Contrary to what the name implies, oxtails aren’t derived from oxen but cattle. And though it sounds odd that people widely consume the tail region of cows, the reverse is the case. Oxtail originally came from the oxen in the past, and back then, it was considered sustenance not to leave any part of slaughtered animals to waste. But today, the tail region from the typical cow is tagged as oxtail and regarded as a gourmet ingredient in many recipes.
Oxtail is a lean meat with a rich beefy flavor when cooked. And because of its bony content and tough meat, it’s best cooked long and slow. While this technique may seem like hard work for most people, the oven offers the best conditions. And here, you’ll learn the most convenient ways to do it.
Oxtail Nutrition Facts
Tips for Oven-Cooked Oxtail
Baking oxtail in the oven means you can mix the ingredients with the cuts of beef and slide it into the oven. Most oven-cooked oxtail recipes require an average of two and a half hours, but the wait is worth it. Here are things you need to do before you started.
Gather the Ingredients
Make sure everything the recipe requires is on the counter and at arm’s length. Oxtail cooks for an extended period, and you don’t want to skip any ingredient after you’ve slid the baking dish into the preheated oven. Besides the meat, you’ll also need oil, spices, herbs, and seasonings.
Prepare the Oven
You’ll need the oven to be at least 275 to 325°F to cook the oxtails properly. But most times, recipes set the range between 340 to 350°F. The higher the temperature, the quicker the meat would cook. But these temperatures must not be higher, as you need the oxtail to cook slowly, braising in the juices for no less than two hours.
Prepare the Oxtails
Oxtail tends to come with a bit of fat, so you’ll need to trim these off, so the dish isn’t super greasy. Some people prefer to glaze the beef cuts before they toss the container in the oven. Others prefer a light browning in a Dutch oven beforehand.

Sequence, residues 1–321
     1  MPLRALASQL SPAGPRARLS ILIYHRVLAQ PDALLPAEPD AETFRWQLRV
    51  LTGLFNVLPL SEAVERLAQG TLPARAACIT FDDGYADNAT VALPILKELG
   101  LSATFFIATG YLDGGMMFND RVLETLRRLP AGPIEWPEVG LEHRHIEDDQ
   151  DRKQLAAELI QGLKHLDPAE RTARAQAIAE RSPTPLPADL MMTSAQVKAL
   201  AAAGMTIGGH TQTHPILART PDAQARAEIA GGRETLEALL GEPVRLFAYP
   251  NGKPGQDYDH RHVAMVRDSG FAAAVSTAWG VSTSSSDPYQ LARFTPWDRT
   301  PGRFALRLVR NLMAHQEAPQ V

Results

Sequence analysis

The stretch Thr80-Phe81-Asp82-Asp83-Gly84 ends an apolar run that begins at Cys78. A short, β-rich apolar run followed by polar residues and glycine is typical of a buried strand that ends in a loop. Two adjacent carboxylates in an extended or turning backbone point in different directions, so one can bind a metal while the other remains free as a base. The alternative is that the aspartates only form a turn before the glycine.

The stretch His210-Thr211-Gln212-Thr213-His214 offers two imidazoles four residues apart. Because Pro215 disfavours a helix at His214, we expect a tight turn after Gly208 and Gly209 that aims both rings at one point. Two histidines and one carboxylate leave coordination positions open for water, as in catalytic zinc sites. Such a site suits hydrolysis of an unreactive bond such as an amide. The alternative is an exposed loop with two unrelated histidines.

Any seasoning works with baked oxtails, so it’s really up to you. You can use any combination of powdered spices or spice mix you prefer. You can also add some soy sauce or any other liquid sauce if you want. If you’re on a low-sodium diet, consider using fresh spices and herbs in place of seasoning cubes and powders. Ingredients like cayenne pepper, fresh thyme, parsley, crushed garlic, onions, paprika, and even ginger are viable options.
Cooking the Oxtails
Cover the baking pan with foil once the seasoning has been added, making sure the edges are raised, so they don’t touch the food. Then, cook the oxtails in the oven for at least two hours or more, or until the internal meat temperature reaches 145°F. The broth from the meat creates a moist environment that steams the oxtail deeply, allowing the seasoning to penetrate the beef.
Resting the Oxtails
Once the oxtails are done, let it sit for about three minutes. Resting the oxtail enables the juices to seep back into the beef, making it tender and soft. If you serve the meat too soon, it’ll be chewy and gelatinous.
How to Serve Oven-cooked OxtailPrint
- Black pepper
- Garlic, crushed
- Onions, sliced
- Preheat the oven to 300°F. Rinse the oxtail cuts thoroughly and place them in a shallow casserole dish. Season generously with salt, pepper, and crushed garlic, and cover the surface with lots of sliced onions.
- Pour in water till it reaches halfway through the oxtails, and cover the dish with foil. Make sure the foil doesn’t touch the meat at the edges.
- Toss the dish in the oven and bake for about two hours until it falls off the bone. If it’s not ready, leave it for another thirty minutes and check. Make sure to add a bit more water if it’s evaporated.
- Once the oxtails are ready, set down and leave to rest for three minutes. Then, separate the pan juices from the meat or serve them together.
Also, check out this fantastic oven-cooked oxtail video recipe for fresh ideas.